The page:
And then, to go back to the fighting aspect, you sort of touched on this already, but will the combat in the game be as deep as it is in say Mortal Kombat, or is it closer to what you’d find in such hack & slash games as God Of War?
Originally, we started working on a versus game for 16 people. But when you have three guys attacking you at the same time, you need to adopt different techniques to make it engaging, so the end result is a mix between the two of them. I would say Skara: The Blade Remains is a little more similar to Ryse: Son Of Rome when it comes to the combat, as opposed to God Of War, which is an awesome game but is sometimes only about smashing buttons.
So is it safe to assume that while the game is called Skara: The Blade Remains that you will be using more than just bladed weapons?
All the characters in Skara: The Blade Remains will have at least one main weapon with some sort of blade, but there will also be long ranged weapons, striking weapons, and attacks carried out with your bare hands. But your ranged weapons will be limited, since we want to encourage close combat and team actions among players and not create another shooter with swords.
What about magic?
No magic. But don’t worry, you won’t need it.
Blocking is a big thing in Skara: The Blade Remains. You have to do it, and have to do it at just the right time, to survive. So as someone who prefers to button mash his way to victory, does that mean I won’t last five minutes in this game?
Blocking and dodging will be very important in Skara: The Blade Remains, as we want to avoid button mashing. Players will need to be skilled and practice in order to win battles. If you are planning to smash the buttons, you won’t last long in Skara.
Drat. Skara: The Blade Remains is obviously set in a fantasy realm. And legally, anything in the fantasy realm must be influenced by J.R.R. Tolkien and The Lord Of The Rings. But what other fantasy fiction — be it movies, books, or other games — were influential in how your fantasy real would look? Because I actually see more of Robert E. Howard’s Conan books in Skara than I do Rings.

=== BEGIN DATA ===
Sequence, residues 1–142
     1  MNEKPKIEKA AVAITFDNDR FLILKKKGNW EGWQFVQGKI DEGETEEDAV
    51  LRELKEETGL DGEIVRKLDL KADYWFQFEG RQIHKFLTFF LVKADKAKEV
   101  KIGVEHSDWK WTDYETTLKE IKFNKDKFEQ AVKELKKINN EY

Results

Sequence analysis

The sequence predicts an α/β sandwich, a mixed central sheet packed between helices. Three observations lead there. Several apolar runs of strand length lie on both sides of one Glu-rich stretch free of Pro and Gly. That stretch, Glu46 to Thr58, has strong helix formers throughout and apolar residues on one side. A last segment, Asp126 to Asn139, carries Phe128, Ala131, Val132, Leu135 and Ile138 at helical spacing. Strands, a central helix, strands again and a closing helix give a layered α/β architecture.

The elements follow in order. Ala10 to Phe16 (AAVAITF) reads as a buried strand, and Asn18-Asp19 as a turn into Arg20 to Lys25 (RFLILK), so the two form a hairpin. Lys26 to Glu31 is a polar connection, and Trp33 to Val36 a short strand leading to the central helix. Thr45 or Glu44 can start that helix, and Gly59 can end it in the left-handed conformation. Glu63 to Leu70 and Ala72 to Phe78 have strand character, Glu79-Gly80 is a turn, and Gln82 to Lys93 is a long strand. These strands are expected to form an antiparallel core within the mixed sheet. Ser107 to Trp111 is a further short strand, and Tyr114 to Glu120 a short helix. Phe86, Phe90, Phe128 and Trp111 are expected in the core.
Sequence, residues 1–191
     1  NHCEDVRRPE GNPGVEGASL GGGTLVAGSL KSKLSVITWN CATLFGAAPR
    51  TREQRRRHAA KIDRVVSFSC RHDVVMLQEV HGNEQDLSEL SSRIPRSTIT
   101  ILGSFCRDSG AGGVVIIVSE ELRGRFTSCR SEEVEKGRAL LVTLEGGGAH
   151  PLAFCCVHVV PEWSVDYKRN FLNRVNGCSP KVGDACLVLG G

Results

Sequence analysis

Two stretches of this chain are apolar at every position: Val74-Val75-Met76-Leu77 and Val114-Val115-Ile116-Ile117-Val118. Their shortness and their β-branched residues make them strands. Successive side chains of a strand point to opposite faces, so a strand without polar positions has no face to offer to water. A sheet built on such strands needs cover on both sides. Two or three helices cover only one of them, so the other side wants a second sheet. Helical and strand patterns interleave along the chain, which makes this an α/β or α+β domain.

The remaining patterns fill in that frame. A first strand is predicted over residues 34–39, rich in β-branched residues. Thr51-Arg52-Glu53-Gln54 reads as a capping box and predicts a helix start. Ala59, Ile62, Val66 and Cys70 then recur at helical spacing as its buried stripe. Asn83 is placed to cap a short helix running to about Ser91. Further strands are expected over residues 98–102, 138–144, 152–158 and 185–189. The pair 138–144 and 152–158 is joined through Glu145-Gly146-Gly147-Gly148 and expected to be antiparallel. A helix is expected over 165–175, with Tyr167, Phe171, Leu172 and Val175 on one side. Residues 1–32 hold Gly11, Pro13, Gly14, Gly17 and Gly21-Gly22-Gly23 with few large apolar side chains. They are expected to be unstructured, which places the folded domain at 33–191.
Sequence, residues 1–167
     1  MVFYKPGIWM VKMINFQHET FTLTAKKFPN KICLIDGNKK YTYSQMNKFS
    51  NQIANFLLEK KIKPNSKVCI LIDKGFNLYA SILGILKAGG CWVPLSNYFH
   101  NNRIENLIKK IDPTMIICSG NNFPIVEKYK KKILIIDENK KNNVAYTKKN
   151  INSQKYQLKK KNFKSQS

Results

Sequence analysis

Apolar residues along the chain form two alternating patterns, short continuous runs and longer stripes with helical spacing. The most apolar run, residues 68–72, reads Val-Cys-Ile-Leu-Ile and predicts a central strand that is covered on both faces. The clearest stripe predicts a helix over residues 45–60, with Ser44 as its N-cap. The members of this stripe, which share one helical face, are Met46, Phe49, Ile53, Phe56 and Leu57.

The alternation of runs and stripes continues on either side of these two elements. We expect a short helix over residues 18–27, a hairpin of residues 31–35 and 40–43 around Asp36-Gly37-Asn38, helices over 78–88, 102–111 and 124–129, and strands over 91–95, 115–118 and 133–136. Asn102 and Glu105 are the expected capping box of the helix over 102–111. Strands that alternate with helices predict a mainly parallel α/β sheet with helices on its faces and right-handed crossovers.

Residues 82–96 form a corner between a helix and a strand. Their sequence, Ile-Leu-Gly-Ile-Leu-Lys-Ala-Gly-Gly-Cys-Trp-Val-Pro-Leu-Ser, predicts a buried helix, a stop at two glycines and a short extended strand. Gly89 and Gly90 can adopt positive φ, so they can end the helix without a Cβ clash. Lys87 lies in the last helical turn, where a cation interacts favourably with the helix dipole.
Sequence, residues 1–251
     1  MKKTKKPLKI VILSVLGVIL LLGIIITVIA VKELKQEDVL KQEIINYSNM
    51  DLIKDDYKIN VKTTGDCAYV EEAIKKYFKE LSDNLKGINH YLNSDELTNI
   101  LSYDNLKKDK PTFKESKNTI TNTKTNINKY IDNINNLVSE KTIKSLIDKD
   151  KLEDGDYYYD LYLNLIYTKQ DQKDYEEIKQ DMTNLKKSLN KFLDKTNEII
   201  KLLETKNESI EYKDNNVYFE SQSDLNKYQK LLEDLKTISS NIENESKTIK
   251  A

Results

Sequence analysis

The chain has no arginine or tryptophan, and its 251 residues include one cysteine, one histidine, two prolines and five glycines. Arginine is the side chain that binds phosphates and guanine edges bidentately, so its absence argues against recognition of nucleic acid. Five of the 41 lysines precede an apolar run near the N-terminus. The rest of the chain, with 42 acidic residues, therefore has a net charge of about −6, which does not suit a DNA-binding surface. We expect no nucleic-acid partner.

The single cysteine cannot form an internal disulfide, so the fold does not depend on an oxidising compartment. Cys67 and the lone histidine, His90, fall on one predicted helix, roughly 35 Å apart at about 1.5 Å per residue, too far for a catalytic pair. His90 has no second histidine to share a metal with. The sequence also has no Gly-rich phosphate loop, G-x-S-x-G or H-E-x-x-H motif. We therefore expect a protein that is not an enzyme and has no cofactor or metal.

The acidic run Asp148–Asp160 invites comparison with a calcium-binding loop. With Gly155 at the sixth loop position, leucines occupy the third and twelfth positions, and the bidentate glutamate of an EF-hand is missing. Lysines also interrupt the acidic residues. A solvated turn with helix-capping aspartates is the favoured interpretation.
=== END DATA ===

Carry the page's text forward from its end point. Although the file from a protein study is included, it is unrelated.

Robert E. Howard was a great influence when we were writing about the world of Skara: The Blade Remains, actually more than Tolkien, as we don’t have elves, dwarves, or dragons. Though we did grew up reading both of them, as well as Marvel Comics, manga, and, probably more importantly, history books, as we’re influenced by some of the most powerful cultures to ever rule the planet, such as the Nordics, Mediterranean, and Asian cultures. It’s the poetry of these cultures that drives the development of the fantasy in some ways. Look for themes from Homer’s The Iliad, Beowulf, the Old Testament, and a lot of other writings. From them we decided to create our own cultures, instead of replicating some successful existing models and archetypes.
We are also trying to create distinctive voices for the different cultures to come to life. The Durno will sound different than the Shinse, and so on. We are even considering going as far as developing their own languages, which would be something Tolkien would’ve respected.
People will be able to customize the way their warriors look in Skara: The Blade Remains. How will this work, how deep will it go, and is this just an aesthetic thing, or does any of it impact how your character does in battle?